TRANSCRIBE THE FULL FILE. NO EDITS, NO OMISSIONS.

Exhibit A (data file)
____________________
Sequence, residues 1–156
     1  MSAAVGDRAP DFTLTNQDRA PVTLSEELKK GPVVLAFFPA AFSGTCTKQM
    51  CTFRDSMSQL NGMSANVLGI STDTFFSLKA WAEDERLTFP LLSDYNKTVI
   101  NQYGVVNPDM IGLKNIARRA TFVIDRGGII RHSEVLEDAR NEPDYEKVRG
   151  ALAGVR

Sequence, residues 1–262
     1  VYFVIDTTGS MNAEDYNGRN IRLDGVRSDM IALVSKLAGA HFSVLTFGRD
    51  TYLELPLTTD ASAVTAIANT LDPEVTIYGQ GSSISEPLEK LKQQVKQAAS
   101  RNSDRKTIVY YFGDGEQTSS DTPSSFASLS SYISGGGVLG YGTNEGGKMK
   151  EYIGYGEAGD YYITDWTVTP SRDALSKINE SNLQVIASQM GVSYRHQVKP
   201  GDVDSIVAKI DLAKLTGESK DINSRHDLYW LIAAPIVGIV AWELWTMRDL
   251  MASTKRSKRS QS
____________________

Sequence, residues 1–156
     1  MSAAVGDRAP DFTLTNQDRA PVTLSEELKK GPVVLAFFPA AFSGTCTKQM
    51  CTFRDSMSQL NGMSANVLGI STDTFFSLKA WAEDERLTFP LLSDYNKTVI
   101  NQYGVVNPDM IGLKNIARRA TFVIDRGGII RHSEVLEDAR NEPDYEKVRG
   151  ALAGVR

Sequence, residues 1–262
     1  VYFVIDTTGS MNAEDYNGRN IRLDGVRSDM IALVSKLAGA HFSVLTFGRD
    51  TYLELPLTTD ASAVTAIANT LDPEVTIYGQ GSSISEPLEK LKQQVKQAAS
   101  RNSDRKTIVY YFGDGEQTSS DTPSSFASLS SYISGGGVLG YGTNEGGKMK
   151  EYIGYGEAGD YYITDWTVTP SRDALSKINE SNLQVIASQM GVSYRHQVKP
   201  GDVDSIVAKI DLAKLTGESK DINSRHDLYW LIAAPIVGIV AWELWTMRDL
   251  MASTKRSKRS QS